Do not Refuse Him who Speaks 

Hebrews 12:25 See to it that you do not refuse him who speaks. If they did not escape when they refused him who warned them on earth, how much less will we, if we turn away from him who warns us from heaven? 26 At that time his voice shook the earth, but now he has promised, “Once more I will shake not only the earth but also the heavens.” 27 The words “once more” indicate the removing of what can be shaken—that is, created things—so that what cannot be shaken may remain. 28 Therefore, since we are receiving a kingdom that cannot be shaken, let us be thankful, and so worship God acceptably with reverence and awe, 29 for our “God is a consuming fire.” (NIV)

 




The writer’s purpose for his letter was to encourage Hebrew Christians of the first century to remain steadfast in their Christian beliefs, so as not to return to Judaism. In this passage, the writer of the book of Hebrews concludes his warning to not miss out on salvation, which began in verse fifteen. Previously he proclaimed the Old Covenant Law of Moses to be a covenant of fear and judgment. Next he proclaimed the New Covenant of Jesus Christ to be a covenant of blessings. In so doing, he contrasted the Law of Moses with the grace of Christ.

Now he completes the warning with a call to not refuse Him who speaks. God spoke His revelation of the Old Covenant from the fire and smoke of Mount Sinai. He spoke his revelation of the New Covenant through the death and resurrection of Jesus Christ. 

His warning to not miss out on salvation is made clear with the words “See to it that you do not refuse him who speaks” (v. 25a). The same God gave both covenants. The writer is warning not to refuse this God. 

Those under the Law “did not escape when they refused him who warned them on earth” (v. 25b). God spoke from earth, from Mount Sinai, the Law. Those who disobeyed the Law did not escape the judgment of God. 

“How much less will we (escape judgment), if we turn away from him who warns us from heaven?” (v. 25c). The literal Greek for this verse is: “Much rather we, those turning away from Heaven.” The writer is saying that those who reject Christ will be less able to escape judgment than those who disobey the Law. Judgment is more certain for those who reject the grace of God than for those who disobey the Law. We may not be able to obey the commandments of God, but it is worse to reject His grace which covers those sins.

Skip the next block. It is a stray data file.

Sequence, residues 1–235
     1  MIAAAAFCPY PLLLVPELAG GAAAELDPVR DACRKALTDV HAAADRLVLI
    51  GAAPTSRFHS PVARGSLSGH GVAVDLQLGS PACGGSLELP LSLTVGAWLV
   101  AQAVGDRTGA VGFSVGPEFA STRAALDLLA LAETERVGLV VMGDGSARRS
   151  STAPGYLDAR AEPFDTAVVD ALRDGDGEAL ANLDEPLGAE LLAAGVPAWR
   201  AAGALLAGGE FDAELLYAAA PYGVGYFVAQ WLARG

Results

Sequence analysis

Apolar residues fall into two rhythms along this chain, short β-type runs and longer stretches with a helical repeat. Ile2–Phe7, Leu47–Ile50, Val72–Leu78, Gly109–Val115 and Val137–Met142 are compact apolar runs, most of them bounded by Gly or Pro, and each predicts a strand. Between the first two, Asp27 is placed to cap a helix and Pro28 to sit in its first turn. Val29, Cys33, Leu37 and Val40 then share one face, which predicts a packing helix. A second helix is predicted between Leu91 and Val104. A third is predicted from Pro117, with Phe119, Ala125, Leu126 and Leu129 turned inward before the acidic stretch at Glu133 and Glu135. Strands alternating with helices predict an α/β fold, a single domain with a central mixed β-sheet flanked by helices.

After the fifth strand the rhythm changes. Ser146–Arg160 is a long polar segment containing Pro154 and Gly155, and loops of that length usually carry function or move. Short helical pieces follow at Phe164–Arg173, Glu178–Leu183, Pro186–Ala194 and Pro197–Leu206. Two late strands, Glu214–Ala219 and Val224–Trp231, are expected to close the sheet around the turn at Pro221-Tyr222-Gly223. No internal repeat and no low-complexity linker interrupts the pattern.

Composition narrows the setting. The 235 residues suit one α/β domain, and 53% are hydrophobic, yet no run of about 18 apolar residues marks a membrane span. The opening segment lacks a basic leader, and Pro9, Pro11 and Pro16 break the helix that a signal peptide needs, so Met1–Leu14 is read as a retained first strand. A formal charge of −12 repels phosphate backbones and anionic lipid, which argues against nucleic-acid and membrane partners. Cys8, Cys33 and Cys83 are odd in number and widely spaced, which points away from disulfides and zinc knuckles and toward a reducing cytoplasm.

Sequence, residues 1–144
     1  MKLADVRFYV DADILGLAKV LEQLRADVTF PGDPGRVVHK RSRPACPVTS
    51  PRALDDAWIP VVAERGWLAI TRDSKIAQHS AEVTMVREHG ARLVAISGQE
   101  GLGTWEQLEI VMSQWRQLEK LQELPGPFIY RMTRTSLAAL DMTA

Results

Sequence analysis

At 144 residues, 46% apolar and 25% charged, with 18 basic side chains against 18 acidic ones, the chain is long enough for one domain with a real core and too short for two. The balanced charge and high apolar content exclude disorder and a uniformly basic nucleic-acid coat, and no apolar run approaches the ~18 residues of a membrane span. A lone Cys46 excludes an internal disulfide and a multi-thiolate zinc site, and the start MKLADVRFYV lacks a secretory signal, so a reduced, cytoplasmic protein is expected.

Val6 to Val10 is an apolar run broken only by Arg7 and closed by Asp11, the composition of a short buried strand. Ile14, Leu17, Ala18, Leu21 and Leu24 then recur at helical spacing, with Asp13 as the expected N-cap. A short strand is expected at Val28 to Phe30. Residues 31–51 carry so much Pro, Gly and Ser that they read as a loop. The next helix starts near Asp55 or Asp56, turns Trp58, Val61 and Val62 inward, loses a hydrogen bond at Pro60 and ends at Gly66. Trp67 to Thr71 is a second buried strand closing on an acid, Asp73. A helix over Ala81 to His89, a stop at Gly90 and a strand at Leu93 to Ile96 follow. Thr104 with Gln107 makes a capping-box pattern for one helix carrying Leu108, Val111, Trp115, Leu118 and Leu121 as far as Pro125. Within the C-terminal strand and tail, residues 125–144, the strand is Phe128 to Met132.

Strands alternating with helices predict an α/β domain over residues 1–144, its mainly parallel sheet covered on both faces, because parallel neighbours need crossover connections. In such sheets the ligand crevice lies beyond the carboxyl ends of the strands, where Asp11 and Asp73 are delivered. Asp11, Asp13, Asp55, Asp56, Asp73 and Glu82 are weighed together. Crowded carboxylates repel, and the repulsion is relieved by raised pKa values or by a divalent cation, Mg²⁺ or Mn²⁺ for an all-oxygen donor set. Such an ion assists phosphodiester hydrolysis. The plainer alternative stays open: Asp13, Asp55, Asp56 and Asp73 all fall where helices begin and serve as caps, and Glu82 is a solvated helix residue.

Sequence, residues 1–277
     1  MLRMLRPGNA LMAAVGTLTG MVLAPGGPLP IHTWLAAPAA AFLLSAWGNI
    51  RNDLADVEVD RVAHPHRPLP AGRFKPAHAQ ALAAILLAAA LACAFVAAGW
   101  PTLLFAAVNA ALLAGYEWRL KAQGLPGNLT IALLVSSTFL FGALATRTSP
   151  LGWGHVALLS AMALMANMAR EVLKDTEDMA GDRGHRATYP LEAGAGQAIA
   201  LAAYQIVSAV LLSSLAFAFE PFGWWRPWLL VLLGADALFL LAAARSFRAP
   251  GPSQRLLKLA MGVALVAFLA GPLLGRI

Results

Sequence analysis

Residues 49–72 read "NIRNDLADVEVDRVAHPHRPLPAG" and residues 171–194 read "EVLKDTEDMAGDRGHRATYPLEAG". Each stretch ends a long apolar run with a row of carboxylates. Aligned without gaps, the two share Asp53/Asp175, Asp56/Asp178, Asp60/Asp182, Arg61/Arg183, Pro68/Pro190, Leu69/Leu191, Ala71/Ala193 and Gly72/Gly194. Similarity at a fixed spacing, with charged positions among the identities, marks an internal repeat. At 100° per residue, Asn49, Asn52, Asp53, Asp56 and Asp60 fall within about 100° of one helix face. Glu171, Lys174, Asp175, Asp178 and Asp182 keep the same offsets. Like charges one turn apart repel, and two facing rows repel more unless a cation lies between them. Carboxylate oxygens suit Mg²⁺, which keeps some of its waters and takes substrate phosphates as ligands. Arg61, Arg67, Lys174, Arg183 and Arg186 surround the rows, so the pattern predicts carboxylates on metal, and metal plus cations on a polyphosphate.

God’s voice from Mount Sinai “shook the earth” (v. 26a), but God promises from Heaven “Once More I will shake not only the earth but also the heavens” (v. 26b). This is a reference to Haggai 2:6: “This is what the LORD Almighty says: ‘In a little while I will once more shake the heavens and the earth, the sea and the dry land.’” God caused an earthquake (Ex 19:18) on Mount Sinai. He will cause shaking of not only the earth, but also of the heavens at Armageddon (Rev. 16:16-21). 

So, “created things” (v. 27a), the heavens and Earth, will be removed, but the Kingdom of God, “what cannot be shaken” (v. 27b), will remain. “Therefore, since we are receiving a kingdom that cannot be shaken, let us be thankful, and so worship God acceptably with reverence and awe, for our “God is a consuming fire” (v. 28-29). 

The Kingdom of God cannot be shaken. It will remain. It is everlasting. So, as Christians, we should be thankful and we should worship God with reverence and awe. We are reminded here that the judgment of God still remains for those who reject His grace. He is a consuming fire for those who reject Jesus Christ as their Lord and Savior. They will spend eternity in the fires of Hell. 

But for those who accept Christ, theirs is the Kingdom of God. It cannot be shaken. All created things will disappear, but the Kingdom of God will remain forever. It is our reward for staying faithful to the God of the Bible, the God of the Old Covenant and the New Covenant. 

He speaks to all of us all of the time. He pleads with us to come to Him. See to it that you do not refuse Him who speaks.

Art Toombs Ministries

Online Bible Commentary